Do Democrats really have anything to learn from Senator Kennedy's failed attempts at health care reform?
One of the questions surrounding Edward Kennedy's death asks how his passing will affect the fate of health care reform legislation. Senator Kennedy represented an old generation of Democratic politicians. It is the responsibility of the new generation--the reins having been handed over most poignantly during the Democratic National Convention in 2008, when an ailing Kennedy introduced then-candidate Obama--to learn from Kennedy's example.
Back in 1993, when President Clinton's health care policy came under attack by--and then surrendered to--the Harry and Louise advertisements, Senator Kennedy's clout could not save it. Kennedy's fervent participation in Clinton's attempts at reform did little to curb public resentment of the program. Though he was never the symbolic figurehead fighting Harry and Louise, he was the contemporary lawmaker who denounced as propaganda the sentiments that the commercials brewed. Does his failure at dispelling the negative feelings in 1993 speak to his power--or lack thereof--to inspire health care reform from the grave?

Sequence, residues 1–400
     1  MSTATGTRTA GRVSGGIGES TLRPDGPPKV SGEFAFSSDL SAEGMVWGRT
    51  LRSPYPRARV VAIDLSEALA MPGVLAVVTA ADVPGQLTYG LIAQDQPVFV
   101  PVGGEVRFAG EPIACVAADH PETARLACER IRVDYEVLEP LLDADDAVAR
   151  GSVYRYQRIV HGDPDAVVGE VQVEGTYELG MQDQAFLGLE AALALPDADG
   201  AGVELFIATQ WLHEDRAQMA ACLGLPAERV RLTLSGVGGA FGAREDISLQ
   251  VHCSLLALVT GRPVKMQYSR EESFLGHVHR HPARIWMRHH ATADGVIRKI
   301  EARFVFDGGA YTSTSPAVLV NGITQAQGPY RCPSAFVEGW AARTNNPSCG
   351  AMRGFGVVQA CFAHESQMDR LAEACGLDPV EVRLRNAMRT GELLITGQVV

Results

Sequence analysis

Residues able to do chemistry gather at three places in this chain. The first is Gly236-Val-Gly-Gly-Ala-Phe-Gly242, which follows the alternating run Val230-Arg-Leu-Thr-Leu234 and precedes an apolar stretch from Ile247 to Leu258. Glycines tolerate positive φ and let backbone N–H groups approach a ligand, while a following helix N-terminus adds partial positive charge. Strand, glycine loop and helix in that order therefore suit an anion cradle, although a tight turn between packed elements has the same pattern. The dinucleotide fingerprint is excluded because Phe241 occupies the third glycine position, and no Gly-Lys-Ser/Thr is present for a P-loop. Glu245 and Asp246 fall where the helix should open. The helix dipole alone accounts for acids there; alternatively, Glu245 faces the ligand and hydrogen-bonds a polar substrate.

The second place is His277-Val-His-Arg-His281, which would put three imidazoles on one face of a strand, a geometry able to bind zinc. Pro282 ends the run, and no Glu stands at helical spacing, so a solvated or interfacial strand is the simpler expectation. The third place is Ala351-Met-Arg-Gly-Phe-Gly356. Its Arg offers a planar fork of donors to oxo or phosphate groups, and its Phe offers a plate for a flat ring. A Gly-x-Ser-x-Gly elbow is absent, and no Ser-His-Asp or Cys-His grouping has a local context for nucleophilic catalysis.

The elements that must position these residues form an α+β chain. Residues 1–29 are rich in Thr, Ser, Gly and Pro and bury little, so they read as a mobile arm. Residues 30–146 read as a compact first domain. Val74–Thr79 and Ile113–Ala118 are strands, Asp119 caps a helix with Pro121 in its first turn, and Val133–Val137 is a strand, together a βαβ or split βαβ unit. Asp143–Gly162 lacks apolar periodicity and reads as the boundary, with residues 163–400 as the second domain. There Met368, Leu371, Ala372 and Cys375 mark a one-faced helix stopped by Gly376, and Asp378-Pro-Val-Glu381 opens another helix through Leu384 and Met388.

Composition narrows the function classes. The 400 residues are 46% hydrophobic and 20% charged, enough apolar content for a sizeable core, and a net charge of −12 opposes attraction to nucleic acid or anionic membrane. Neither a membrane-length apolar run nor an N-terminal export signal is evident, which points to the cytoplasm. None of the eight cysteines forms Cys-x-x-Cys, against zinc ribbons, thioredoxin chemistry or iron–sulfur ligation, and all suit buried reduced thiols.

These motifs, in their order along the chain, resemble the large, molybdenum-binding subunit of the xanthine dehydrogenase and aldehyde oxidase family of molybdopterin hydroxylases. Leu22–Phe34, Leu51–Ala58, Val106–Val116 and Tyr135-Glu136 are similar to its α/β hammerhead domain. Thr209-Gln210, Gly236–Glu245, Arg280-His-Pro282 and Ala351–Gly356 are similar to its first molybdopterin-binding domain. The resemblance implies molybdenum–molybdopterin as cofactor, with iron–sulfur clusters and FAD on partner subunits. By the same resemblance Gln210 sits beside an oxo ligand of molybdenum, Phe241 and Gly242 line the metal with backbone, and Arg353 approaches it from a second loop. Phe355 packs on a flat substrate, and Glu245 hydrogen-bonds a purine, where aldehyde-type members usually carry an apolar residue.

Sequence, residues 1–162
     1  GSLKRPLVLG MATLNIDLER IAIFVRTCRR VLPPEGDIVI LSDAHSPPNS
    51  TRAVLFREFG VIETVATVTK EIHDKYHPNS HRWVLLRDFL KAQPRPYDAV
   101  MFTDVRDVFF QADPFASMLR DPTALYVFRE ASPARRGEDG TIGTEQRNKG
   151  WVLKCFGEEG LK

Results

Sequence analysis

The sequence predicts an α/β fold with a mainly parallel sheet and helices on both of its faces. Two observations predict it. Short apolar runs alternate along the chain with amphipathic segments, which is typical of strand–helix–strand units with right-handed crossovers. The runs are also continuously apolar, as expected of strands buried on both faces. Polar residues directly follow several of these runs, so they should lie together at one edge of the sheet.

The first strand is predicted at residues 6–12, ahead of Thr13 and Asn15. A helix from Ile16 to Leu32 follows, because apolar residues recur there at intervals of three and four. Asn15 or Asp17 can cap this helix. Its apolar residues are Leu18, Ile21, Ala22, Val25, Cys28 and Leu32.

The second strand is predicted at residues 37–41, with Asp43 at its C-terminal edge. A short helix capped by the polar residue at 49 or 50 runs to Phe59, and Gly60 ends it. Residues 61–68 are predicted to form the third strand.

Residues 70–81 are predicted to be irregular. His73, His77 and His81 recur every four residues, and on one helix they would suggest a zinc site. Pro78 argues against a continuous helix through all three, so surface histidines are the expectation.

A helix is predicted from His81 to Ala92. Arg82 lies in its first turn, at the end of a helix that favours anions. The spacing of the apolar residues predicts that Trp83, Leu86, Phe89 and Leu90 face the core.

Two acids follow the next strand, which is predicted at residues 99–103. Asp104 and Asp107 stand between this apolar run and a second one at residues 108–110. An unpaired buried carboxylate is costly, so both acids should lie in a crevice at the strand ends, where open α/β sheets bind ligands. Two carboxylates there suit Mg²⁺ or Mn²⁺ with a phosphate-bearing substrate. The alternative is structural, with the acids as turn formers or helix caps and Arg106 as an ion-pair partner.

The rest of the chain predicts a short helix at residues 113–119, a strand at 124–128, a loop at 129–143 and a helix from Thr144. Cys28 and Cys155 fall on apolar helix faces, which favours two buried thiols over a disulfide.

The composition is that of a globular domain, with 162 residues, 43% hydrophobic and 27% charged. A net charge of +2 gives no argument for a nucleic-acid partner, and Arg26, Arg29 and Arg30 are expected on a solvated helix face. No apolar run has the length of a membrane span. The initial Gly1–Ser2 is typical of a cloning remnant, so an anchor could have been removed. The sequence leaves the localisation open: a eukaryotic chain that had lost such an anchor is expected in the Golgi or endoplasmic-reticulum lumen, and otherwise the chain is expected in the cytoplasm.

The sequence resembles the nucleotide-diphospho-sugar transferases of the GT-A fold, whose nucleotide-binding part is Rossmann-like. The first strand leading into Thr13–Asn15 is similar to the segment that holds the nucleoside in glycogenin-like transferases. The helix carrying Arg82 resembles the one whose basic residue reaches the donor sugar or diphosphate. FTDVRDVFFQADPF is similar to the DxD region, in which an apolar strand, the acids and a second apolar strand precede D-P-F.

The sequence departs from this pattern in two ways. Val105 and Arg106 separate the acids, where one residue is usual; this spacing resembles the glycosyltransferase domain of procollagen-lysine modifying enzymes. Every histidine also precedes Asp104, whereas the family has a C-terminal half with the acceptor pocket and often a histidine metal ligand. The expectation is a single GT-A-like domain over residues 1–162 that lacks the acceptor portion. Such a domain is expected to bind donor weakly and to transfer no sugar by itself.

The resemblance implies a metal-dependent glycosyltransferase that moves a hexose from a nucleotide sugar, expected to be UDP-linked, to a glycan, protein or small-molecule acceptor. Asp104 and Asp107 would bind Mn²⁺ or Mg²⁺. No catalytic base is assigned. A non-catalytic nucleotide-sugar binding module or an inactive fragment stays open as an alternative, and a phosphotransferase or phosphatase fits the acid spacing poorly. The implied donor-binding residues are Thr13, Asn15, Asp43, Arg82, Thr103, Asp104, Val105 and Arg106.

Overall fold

Who are the Harrys and Louises of today? And who is the Ted Kennedy of today, now that the last lion is gone? Present day Harrys and Louises are no longer advertisements on TV that you can turn off (though Harry and Louise are slated to return to our televisions soon, albeit singing a different tune); their successors are viral, not necessarily coming from outside interest groups or lobbyists, but from the people. The health care town halls of the last month evoked the same feelings that the Harry and Louis advertisements tapped into over 15 years ago. Statements comparing President Obama to Adolf Hitler fly at town hall meetings. Is it up to legislators like Barney Frank, Max Baucus, and Chris Dodd to fight for reform, even after Harry and Louise have changed sides? Is President Obama Senator Kennedy's chosen successor in the fight of health care reform or does he serve as a figurehead? The question is whether the new generation--entrenched in the new age of internet and nonstop communication when every voice can potentially be heard--can apprehend and respond to these feelings more adequately than the old generation did.
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